ORNL: High-power wireless vehicle charging technology licensed by HEVO
The U.S. Department of Energy’s Oak Ridge National Laboratory has licensed its wireless charging technology for electric vehicles to Brooklyn-based HEVO. The system provides the world’s highest power levels in the smallest package and could one day enable electric vehicles to be charged as they are driven at highway speeds.
HEVO intends to work with ORNL to continue development of this critical technology to increase power levels and efficiency of existing charging techniques.
“Highly efficient wireless charging is a breakthrough technology that can alleviate EV range anxiety and facilitate the U.S. effort to decarbonize the transportation sector,” said Xin Sun, associate laboratory director for energy science and technology at ORNL. “We are excited to see another one of our technologies move into the private sector where it can create new green jobs and support the nation’s clean energy goals.”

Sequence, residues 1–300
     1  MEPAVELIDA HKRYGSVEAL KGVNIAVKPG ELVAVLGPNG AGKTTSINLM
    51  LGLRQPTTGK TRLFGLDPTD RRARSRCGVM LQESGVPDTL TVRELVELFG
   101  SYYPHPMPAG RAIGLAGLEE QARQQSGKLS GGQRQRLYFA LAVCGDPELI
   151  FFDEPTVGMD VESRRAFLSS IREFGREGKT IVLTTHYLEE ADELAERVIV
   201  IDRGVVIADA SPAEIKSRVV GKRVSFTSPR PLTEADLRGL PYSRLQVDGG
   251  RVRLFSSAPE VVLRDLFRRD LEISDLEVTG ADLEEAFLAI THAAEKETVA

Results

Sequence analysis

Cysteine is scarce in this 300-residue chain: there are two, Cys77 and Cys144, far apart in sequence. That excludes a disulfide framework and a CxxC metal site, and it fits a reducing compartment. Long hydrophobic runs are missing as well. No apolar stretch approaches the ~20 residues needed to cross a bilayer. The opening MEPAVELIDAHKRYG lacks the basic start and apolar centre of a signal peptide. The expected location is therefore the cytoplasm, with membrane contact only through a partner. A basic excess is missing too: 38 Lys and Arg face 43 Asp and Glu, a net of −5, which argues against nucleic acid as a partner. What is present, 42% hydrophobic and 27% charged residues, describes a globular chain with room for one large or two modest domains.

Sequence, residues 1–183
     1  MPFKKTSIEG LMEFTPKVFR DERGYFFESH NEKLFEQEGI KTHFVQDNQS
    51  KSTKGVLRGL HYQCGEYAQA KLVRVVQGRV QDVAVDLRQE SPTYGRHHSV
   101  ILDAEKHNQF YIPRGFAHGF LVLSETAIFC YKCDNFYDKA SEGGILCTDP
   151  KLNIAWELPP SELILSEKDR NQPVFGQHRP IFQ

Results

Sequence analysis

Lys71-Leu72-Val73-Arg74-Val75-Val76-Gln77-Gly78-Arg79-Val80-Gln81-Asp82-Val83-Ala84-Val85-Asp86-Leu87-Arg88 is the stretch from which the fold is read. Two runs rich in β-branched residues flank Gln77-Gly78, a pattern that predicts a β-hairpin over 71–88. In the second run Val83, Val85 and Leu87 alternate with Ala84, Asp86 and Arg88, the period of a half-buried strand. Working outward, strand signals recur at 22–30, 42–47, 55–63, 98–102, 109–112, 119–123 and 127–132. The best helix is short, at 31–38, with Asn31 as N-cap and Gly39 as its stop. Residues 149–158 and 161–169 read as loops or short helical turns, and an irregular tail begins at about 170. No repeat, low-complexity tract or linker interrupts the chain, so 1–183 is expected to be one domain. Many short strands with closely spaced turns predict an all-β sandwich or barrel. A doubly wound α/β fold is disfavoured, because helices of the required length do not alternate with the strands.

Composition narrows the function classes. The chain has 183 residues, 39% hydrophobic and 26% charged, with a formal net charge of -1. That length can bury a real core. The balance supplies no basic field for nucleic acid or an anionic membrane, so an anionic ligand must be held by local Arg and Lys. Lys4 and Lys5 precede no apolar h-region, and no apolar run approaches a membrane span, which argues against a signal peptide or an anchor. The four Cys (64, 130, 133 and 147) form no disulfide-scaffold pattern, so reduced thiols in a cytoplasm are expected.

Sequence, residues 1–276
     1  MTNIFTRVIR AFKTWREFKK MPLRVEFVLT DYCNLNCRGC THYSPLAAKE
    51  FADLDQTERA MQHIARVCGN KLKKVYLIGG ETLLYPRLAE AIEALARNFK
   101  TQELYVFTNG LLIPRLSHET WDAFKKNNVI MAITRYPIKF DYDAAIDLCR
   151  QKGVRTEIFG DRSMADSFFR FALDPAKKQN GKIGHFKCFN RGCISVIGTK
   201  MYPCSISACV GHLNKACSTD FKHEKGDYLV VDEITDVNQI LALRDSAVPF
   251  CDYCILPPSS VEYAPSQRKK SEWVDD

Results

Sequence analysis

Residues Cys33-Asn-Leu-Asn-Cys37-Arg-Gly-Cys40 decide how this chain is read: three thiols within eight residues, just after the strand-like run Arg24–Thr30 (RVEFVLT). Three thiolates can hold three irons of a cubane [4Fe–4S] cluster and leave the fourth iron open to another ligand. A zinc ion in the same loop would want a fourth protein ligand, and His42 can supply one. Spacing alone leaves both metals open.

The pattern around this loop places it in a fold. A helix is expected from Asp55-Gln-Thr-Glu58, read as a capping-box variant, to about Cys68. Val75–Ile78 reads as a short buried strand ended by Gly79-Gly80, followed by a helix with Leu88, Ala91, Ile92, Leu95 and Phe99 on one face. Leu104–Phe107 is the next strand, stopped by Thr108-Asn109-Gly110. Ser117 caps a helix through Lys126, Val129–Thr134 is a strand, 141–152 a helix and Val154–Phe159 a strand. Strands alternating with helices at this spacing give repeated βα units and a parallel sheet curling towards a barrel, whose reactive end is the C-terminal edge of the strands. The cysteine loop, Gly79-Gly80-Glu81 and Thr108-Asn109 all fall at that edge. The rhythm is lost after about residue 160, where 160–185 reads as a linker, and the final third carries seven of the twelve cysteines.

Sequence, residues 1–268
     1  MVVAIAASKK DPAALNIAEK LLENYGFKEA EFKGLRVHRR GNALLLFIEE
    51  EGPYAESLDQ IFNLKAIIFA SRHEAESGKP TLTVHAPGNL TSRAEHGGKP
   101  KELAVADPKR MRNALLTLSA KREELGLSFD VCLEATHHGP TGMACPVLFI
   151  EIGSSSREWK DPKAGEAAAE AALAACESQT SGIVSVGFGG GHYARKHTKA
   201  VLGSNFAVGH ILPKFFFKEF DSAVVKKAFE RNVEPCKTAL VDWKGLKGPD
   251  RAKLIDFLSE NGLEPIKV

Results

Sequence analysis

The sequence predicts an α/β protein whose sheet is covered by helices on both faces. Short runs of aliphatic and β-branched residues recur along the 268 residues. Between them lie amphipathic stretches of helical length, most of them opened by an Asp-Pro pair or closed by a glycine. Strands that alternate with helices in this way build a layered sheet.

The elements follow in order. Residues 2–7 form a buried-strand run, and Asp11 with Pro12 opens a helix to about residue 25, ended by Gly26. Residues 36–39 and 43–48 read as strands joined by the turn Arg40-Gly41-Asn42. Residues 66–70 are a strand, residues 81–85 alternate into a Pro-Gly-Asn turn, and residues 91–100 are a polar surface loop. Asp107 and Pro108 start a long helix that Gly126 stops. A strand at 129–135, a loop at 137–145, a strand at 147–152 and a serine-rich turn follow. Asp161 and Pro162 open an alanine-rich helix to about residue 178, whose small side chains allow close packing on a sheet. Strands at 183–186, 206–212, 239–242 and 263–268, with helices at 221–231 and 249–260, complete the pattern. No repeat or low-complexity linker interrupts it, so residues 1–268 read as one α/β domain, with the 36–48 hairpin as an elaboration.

The license covers ORNL’s unique polyphase electromagnetic coil that delivers the highest surface power density available, 1.5 megawatts (1,500 kilowatts) per square meter — eight to 10 times higher than currently available technology. This surface power density supports higher power levels in a thinner, lighter coil, resolving the issue of adding range-sapping weight to electric vehicles.